Early Childhood Education

Interagency Education Research Initiative (IERI)

 

The Interagency Education Research Initiative (IERI) is concerned with the generalizability of evidence regarding the effectiveness of interventions designed to improve preK-12 student learning outcomes in reading, mathematics, and science. A main emphasis is on understanding the impacts of interventions implemented in a variety of contexts with diverse populations and the prospects that can be successfully scaled-up to similar effect with larger numbers of students. Since its inception in 1999, IERI has supported hundreds of projects across the United States, including many early childhood projects that address early development of reading and other literacy skills, scaling up preschool mathematics curricula, and using technology to support at-risk children’s development and learning and preschool teachers’ professional development. IERI is a collaborative effort of the National Science Foundation, the U.S. Department of Education, and the National Institute of Child Health and Human Development. The three agencies developed the program building on recommendations contained in a 1997 report of the President’s Committee of Advisors on Science and Technology. Information on IERI-supported projects can be found online at http://drdc.uchicago.edu/community/main.phtml. The number and complexity of these projects prevents simple summarization, but a wealth of information on how teachers can improve teaching skills, change the way math, science, and reading are taught, or both, is contained in the individual project descriptions at that Web site.

Further Readings: Office of Science and Technology Policy (n.d.). Interagency Education Research Initiative. Washington, DC. Retrieved from http://clinton3.nara.gov/WH/EOP/OSTP/Science/html/ieri.html; President’s Committee of Advisors on Science and Technology (1997). Report to the President on the Use of Technology to Strengthen K-12 Education in the United States. Washington, DC.

Douglas H. Clements, Julie Sarama, and Sarah-Kathryn McDonald

 

International Journal of Early Childhood (IJEC)

The International Journal of Early Childhood is one of the oldest scientific journals in the field of Early Childhood Education, with a history of thirty-seven years. This journal is published by OMEP (Organisation Mondiale pour l'Education Prescolaire), a nongovernmental organisation that has about seventy member countries from all continents of the world. Children’s life and education in different cultures are therefore central to this journal. The scope of the journal is on key issues in the field of early childhood education and care as they pertain to children ages 0-8 years.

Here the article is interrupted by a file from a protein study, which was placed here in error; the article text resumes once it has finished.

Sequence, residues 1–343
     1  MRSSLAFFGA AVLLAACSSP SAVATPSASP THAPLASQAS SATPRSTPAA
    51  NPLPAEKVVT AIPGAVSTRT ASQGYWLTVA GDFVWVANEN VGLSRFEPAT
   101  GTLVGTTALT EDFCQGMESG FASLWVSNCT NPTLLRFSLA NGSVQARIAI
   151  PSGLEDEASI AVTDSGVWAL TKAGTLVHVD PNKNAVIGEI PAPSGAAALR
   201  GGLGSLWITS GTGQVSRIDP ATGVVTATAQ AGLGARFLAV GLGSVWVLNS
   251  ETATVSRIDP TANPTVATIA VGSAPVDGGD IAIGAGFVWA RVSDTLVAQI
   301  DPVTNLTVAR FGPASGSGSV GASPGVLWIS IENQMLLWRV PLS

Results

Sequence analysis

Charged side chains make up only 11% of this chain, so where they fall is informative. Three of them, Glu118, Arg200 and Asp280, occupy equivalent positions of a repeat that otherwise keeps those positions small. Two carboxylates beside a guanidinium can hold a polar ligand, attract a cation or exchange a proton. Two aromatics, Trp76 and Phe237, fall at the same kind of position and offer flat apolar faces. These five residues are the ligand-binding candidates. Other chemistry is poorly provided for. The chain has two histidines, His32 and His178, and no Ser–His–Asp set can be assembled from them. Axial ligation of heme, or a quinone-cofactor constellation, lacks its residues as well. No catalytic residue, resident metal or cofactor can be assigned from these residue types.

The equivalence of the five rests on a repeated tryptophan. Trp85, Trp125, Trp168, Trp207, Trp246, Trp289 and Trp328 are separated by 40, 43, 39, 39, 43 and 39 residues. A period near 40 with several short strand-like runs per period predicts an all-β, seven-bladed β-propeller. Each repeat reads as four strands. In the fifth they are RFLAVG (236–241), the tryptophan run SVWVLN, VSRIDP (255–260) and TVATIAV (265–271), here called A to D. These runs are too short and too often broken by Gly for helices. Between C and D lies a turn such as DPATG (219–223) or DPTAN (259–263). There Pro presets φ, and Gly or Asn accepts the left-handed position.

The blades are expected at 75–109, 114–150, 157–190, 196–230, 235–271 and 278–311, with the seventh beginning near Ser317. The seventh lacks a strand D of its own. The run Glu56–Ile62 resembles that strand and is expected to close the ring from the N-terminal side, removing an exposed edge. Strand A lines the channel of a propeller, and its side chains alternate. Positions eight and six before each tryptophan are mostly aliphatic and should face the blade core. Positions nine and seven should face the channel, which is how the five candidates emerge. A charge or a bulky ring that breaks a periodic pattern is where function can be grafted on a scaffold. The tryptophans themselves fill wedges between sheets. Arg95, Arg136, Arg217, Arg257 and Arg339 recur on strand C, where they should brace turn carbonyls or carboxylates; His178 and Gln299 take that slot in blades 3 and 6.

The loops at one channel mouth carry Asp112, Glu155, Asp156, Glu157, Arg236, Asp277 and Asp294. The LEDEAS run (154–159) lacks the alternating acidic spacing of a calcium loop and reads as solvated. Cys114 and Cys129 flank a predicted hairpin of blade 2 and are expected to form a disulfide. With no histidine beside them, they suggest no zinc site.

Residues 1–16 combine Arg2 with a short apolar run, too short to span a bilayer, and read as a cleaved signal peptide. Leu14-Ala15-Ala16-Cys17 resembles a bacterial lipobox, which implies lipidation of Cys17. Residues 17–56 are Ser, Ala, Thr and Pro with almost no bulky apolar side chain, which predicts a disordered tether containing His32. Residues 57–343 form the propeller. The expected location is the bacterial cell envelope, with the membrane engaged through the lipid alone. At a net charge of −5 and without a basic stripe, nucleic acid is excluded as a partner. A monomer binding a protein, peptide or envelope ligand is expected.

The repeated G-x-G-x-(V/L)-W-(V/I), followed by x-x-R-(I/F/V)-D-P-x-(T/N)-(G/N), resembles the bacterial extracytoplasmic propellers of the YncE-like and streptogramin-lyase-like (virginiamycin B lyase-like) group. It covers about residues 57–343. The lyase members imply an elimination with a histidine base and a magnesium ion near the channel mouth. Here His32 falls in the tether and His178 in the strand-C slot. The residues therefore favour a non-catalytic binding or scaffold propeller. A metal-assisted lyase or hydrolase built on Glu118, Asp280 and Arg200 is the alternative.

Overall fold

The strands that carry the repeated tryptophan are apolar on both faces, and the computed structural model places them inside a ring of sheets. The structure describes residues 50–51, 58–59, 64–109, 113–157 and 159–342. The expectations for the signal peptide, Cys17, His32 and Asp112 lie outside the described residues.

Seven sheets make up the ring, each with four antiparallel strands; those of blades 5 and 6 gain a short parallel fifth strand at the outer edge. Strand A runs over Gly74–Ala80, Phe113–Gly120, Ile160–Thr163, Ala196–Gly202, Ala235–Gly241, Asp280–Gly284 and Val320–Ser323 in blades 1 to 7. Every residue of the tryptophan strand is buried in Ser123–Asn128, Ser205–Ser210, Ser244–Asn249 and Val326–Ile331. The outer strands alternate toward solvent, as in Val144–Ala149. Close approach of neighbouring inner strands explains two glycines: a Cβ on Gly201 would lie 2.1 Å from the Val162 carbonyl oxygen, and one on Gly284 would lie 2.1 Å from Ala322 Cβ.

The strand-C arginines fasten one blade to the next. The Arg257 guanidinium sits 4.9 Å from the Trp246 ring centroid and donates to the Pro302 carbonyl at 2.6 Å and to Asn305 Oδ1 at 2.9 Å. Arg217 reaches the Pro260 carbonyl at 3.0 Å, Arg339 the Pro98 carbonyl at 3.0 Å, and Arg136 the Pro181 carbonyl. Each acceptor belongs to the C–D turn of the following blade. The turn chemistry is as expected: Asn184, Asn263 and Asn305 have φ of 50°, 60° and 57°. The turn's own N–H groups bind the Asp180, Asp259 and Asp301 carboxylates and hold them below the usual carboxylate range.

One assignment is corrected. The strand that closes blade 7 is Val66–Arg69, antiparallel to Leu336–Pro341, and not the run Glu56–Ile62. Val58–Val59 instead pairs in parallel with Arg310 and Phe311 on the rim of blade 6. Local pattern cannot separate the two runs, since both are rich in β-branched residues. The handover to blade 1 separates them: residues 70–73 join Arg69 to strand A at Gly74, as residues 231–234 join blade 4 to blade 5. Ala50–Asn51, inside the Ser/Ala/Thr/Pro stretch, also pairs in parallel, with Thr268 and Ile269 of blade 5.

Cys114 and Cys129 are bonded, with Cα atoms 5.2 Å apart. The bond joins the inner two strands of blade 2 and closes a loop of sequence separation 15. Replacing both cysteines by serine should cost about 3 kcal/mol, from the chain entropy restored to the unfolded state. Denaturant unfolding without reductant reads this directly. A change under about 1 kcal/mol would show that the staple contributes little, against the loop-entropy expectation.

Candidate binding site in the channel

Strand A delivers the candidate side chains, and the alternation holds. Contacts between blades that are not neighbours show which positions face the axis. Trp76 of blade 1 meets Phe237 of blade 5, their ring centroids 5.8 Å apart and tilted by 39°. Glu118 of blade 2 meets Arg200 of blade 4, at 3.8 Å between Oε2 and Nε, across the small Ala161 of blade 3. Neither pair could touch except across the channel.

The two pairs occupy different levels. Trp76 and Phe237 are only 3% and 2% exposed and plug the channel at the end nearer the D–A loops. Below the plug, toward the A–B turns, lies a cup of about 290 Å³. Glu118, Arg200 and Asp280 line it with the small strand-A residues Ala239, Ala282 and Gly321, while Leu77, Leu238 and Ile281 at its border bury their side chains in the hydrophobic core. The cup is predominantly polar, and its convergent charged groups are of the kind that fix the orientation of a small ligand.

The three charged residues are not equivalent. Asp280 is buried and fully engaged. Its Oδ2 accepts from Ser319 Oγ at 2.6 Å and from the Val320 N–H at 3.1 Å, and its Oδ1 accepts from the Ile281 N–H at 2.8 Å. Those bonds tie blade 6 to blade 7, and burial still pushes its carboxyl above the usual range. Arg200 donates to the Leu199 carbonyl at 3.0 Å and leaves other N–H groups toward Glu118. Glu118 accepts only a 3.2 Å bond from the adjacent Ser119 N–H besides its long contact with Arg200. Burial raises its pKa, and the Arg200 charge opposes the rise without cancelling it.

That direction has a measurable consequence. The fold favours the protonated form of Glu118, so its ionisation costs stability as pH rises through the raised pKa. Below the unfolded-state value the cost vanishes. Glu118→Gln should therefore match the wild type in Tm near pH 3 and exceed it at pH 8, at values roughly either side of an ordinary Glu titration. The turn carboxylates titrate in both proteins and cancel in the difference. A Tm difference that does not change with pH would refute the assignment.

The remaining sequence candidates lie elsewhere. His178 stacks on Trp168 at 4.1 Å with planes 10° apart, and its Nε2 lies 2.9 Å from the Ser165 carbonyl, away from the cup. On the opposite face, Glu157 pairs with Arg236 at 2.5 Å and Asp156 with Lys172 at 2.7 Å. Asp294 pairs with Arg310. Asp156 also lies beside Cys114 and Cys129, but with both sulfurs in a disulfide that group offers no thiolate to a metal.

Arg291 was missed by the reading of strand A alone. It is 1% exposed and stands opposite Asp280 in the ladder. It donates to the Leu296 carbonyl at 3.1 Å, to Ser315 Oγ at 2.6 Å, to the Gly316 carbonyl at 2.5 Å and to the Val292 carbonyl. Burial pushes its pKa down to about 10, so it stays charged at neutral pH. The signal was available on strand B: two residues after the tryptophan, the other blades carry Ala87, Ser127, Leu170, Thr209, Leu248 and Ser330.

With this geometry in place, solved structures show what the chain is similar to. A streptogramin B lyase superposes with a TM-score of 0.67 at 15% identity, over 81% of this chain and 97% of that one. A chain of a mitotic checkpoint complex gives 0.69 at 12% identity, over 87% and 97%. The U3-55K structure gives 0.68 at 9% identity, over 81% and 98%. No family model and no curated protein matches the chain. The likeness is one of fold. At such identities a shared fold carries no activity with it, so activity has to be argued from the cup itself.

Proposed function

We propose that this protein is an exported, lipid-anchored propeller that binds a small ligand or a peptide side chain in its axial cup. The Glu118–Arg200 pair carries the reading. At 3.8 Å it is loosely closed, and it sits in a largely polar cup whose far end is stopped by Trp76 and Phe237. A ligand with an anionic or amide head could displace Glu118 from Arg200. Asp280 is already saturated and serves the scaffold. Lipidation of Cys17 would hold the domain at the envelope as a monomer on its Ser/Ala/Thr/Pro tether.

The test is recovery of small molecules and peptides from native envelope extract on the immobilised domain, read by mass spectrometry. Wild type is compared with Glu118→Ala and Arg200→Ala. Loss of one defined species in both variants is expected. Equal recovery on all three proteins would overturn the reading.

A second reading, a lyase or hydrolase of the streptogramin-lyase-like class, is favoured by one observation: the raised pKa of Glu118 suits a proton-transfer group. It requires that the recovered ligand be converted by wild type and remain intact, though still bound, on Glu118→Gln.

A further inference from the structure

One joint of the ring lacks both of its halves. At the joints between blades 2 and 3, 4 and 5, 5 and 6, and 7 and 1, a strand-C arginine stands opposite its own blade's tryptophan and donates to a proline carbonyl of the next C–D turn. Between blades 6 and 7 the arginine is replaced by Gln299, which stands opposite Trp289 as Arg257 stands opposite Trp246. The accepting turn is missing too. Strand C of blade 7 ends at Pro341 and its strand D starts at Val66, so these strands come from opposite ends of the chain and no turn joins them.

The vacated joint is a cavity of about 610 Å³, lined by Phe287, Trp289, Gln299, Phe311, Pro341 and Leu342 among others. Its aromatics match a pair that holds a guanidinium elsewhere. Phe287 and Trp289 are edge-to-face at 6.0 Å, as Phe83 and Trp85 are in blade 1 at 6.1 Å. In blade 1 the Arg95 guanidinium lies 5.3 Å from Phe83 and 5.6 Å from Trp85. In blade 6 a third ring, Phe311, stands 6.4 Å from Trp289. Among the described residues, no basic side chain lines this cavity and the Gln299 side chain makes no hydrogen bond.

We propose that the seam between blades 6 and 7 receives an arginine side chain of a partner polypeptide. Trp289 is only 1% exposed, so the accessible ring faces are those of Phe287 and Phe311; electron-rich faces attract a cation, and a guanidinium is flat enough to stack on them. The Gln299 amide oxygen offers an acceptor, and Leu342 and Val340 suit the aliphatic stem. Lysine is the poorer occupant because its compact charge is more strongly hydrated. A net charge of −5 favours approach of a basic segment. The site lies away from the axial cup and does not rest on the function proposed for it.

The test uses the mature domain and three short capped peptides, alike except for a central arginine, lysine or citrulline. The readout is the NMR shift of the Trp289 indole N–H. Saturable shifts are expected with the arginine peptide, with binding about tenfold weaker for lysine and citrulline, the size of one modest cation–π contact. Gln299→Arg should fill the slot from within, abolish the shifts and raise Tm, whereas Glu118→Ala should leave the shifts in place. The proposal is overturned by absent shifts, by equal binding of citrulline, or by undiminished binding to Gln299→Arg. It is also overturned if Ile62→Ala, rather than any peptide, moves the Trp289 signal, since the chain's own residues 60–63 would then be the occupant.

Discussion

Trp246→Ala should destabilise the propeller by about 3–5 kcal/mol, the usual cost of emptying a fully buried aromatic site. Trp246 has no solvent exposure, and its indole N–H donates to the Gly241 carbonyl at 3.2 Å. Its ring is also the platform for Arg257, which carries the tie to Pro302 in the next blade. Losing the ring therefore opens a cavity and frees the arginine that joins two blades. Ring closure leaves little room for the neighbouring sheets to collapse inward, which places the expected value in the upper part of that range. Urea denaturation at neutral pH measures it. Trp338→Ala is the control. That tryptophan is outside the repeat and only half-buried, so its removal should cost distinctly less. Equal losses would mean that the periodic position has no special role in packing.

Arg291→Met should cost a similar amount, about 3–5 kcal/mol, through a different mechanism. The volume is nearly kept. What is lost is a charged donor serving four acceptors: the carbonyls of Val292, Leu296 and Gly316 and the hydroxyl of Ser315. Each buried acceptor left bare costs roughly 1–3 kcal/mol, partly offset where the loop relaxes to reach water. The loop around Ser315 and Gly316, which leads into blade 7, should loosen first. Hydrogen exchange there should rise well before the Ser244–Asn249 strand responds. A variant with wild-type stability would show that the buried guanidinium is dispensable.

The journal has two issues per year, of which one has a specific theme and the other has mixed articles. Themes of specific interest are those focused on multicultural issues, children’s learning and sustainable development, infants and toddlers in ECE, children’s rights, and curriculum. Articles about making children in different cultures visible and cross-cultural studies within ECE are especially welcome. All articles are peer reviewed and may be written in English, French, or Spanish.

Ingrid Pramling Samuelson

 

International Journal of Early Years Education

The International Journal of Early Years Education offers a comparative perspective on research and major new initiatives in the care and education of young children. The journal, published three times per year, is a forum for researchers and practitioners to debate the theories, research, policy, and practice that sustain effective early years education worldwide.

The journal carries a regular book review section, and has recently published articles from the United Kingdom, India, Zimbabwe, and Hong Kong covering subjects such as phonological awareness, the effects of food and nutrition on learning, classroom noise, and cultural diversity awareness amongst children.

The International Journal of Early Years Education is published by Routledge. For more information, please visit http://www.tandf.co.uk/ journals/titles/09669760.asp.

Iram Siraj-Blatchford

 

International Journal of Special Education

The first volume of the International Journal of Special Education appeared twenty-one years ago at the University of British Columbia. Its purpose was to connect all special educators around the world and to provide a channel for exchange of ideas to facilitate provision of appropriate education to all children with special needs. However, the editors soon discovered that teachers in the Third World do not have funds for subscribing to professional publications nor to pay fees to professional organizations abroad. The journal is today readily available to all special educators at the Web site given below.

Today, the increasing number of manuscripts submitted to the Journal from countries where special education is being offered for the first time seems to indicate that more and more children with special needs are being served. The Journal grants permission to copy articles for educational purposes. The editorial board represents many countries and helps promote mutual professional understanding. Teachers in training, practicing teachers, university personnel involved with the preparation of special educators, and parent organizations in special education form the main readership.

Web Site: International Journal of Special Education, www.internationaljournal ofspecialeducation.com.

Marg Csapo